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Pyotr Ilyich TCHAIKOVSKY (1840-1893)
String Quartet No.1 in D Op.11 (1871) [28.50]
String Quartet in B flat major (1865) [13.21]
String Quartet No.2 in F Op.22 (1874) [35.29]
String Quartet No.3 in E flat minor Op.30 (1876) [38.15]
String Sextet in D minor Souvenir de Florence Op.70 (1890) [34.25]
Borodin Quartet with Yuri Yurov (viola) and Mihail Milman (cello)
recorded in the Teldec Studios, Berlin and Snape Maltings Concert Hall in January 1993
WARNER CLASSICS ELATUS 2564 61774-2 [77.07 + 74.04]

Tchaikovsky was still studying at St Petersburg’s Conservatory when he began work on the B flat major string quartet in August 1865, only to abandon it three months later after completing only the tri-partite first movement. Cast in usual sonata form, the first subject has its origins in a Russian folksong, unsure of major or minor mode. His last chamber work, the string sextet entitled Souvenir de Florence, was written at his summer retreat at Frolovskoye near Klin barely three years before the composer’s death, and recalls a visit he had made to Italy. Its Adagio recalls his Fifth Symphony, and though all the other three movements are in the minor, there is nevertheless a more cheerful feel to the work than such a characteristic would imply. Tchaikovsky’s three string quartets were written in the 1870s as the composer was beginning to put together the building blocks of his career. The First, in 1871, was dashed off as part of a programme of his latest music, which he pragmatically decided should be of chamber music rather than more expensive orchestral fare. Its style varies between harking back to the classical period while a Russian folksong (a snatch of the Song of the Volga Boatman is easily identifiable) is said to have moved the author Tolstoy to tears (it was later arranged for cello and orchestra). The rest consists of a whimsical scherzo with rhythmic aberrations and a sonata-form finale. Three years later the Second Quartet opens with interesting chromatic dissonances, the scherzo once again offsets rhythmic interplay of duple and triple metre, the slow movement takes its listener to the depths of Tchaikovsky’s emotional despair, while the finale employs devices such as fugue and homophony. The Third Quartet was written a couple of years later in 1876, in the year his violin concerto was finally given its premiere by Brodsky in Vienna under Richter. In the uncomfortable key for a string player of E flat minor, the work seems more personalised than its predecessors. It was dedicated to the violinist Ferdinand Laub, who had died the year before, so a funeral march becomes its pivotal third movement, while the preceding joyous scherzo is notably brief. Only the more cheerful Rondo-Finale sweeps away the mood of pervading gloom and tragedy.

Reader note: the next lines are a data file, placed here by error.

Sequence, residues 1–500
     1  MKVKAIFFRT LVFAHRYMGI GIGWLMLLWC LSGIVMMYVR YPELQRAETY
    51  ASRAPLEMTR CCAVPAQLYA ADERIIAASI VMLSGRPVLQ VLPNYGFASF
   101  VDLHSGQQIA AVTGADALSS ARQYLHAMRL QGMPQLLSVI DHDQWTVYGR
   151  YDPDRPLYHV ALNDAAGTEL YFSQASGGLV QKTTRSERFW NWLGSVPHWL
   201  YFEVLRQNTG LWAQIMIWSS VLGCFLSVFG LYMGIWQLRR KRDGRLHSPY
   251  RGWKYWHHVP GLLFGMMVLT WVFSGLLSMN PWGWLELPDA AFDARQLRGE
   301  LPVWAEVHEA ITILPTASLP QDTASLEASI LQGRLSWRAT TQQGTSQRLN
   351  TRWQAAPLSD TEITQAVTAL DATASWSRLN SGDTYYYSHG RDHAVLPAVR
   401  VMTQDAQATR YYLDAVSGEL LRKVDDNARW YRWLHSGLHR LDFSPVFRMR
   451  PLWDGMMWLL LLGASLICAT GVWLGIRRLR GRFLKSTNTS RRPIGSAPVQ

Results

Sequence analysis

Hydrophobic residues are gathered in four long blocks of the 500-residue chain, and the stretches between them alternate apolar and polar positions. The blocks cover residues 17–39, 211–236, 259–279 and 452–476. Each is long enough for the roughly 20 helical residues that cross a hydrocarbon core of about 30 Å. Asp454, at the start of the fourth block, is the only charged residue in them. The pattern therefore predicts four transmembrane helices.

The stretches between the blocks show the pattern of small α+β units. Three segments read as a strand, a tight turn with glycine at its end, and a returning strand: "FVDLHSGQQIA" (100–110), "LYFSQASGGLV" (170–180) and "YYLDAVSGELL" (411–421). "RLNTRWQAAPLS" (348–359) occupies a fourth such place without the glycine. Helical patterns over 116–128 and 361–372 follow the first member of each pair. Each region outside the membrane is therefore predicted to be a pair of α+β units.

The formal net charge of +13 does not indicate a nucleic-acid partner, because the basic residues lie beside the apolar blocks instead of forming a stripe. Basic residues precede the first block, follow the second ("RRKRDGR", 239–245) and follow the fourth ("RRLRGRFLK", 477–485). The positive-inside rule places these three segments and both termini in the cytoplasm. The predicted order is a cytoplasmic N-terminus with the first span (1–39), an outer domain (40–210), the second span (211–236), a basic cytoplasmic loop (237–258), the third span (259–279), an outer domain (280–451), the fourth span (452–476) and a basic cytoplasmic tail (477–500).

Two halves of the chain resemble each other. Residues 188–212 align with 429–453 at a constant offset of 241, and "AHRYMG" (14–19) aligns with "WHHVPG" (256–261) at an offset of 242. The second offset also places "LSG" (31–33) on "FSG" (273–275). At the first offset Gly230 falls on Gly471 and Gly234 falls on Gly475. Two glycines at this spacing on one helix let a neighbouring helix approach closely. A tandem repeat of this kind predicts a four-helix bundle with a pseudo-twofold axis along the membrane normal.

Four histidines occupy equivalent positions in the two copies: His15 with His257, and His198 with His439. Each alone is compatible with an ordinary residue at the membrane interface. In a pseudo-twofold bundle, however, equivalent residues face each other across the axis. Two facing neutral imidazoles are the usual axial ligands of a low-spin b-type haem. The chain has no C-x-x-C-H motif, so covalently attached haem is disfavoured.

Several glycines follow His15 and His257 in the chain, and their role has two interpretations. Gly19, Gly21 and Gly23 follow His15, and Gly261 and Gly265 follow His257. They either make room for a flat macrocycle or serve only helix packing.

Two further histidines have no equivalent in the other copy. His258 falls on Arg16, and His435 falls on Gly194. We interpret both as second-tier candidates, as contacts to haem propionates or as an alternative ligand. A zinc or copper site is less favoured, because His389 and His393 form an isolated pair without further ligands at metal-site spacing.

These are superb performances given by one of the world’s finest string quartets, with special mention made of the lavish textures achieved in the sextet. Unanimity of ensemble is exemplary, the sound finely judged and balanced at both Russian and UK venues. The Borodin Quartet’s playing is suffused with directness and simplicity of phrasing, and no better rendition of the Russian style comes to mind. The clever emphasis on the composer’s witty rhythmic inventiveness (forever playing with uneven five-in-a-bar time signatures), and the magical experience of listening to a group of four players sounding at times like a string orchestra of forty will remain indelibly unforgettable. Tchaikovsky’s output of chamber music for strings is very well served by this double set of excellent discs.

Christopher Fifield



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